Thurmon Jones

Last updated
Thurmon Jones
Biographical details
Born(1918-04-06)April 6, 1918
Wilson, Oklahoma
DiedJanuary 16, 1988(1988-01-16) (aged 69)
Sweetwater, Texas
Playing career
1938–1940 Abilene Christian
1941–1942 Brooklyn Dodgers
Position(s) Running back, defensive back
Coaching career (HC unless noted)
1943 Electra HS (TX)
1944–1946 Wichita Falls HS (TX)
1947 Hardin
1948 Texas A&M (assistant)
1952–1955 Midland HS (TX)
1956–1958 Highland Park HS (TX)
1962 Washington (assistant)
1963–1966 Highland Park HS (TX)
Head coaching record
Overall7–4 (.636) (college)
Accomplishments and honors

Thurmon Lee "Tugboat" Jones (April 6, 1918 – January 16, 1988) was an American football player and coach. For more than 20 years he coached high school football in the state of Texas.

A native of Wilson, Oklahoma, Jones attended Abilene Christian University, where he played running back and defensive back. In 1941 he joined the NFL's Brooklyn Dodgers, but did not see much playing time and eventually finished his playing career after the 1942 NFL season; instead he pursued a coaching career.

In 1943 he became head coach at Electra, a small community near Wichita Falls, Texas. Under his guidance, Electra was able to shut down Wichita Falls, one of the state's powerhouses at the time, with an obviously inferior team. [1] So in 1944, when Wichita Falls coach Ted Jeffries left the school for Lamar College, Jones was hired as his successor. In 1945, Jones guided Wichita Falls into the state semifinals, where they faced Rusty Russell's Highland Park squad from Dallas, led by Doak Walker and Bobby Layne. Wichita Falls had little chance and lost 180.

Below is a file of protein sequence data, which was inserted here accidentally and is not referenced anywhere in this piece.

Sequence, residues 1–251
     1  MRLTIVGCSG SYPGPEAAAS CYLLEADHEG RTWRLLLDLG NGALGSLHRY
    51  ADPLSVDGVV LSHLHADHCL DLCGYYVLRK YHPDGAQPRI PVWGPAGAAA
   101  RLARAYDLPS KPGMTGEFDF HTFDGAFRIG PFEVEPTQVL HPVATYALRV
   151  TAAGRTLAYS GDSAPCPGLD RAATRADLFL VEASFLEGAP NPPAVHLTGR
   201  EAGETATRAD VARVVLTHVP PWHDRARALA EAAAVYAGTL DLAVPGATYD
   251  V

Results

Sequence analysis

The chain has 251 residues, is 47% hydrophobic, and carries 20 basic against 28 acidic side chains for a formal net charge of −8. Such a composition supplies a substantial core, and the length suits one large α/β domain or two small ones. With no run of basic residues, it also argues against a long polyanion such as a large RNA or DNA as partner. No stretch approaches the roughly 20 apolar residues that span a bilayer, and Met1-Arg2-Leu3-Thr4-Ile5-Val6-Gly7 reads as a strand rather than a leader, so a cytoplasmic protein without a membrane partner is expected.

Jones was briefly head coach at Hardin College—now known as Midwestern State University—in 1947 [2] and the following year, served as an assistant coach at Texas A&M University, [3] but returned to the high school level to coach at Midland High School in 1949. Four seasons later, Jones moved to Dallas, taking over at Highland Park, where he rewarded the boosters by producing a state championship in 1957. That year's Highland Park team also stopped Abilene High's 49-game winning streak. Jones left in 1959, but returned to Highland Park in 1963. He ultimately left Dallas in 1967. Jones also coached at the University of Washington. [4]

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  1. Cashion, Ty (1998). Pigskin Pulpit: A Social History of Texas High School Football Coaches. Austin: Texas State Historical Association. p. 170. ISBN   0-87611-168-1.
  2. "MSU Football Record Book".
  3. "Jones Quits Texas A. and M." The New York Times . July 13, 1948.
  4. "Service held for Ex-Scots-Coach". The Dallas Morning News . January 20, 1988.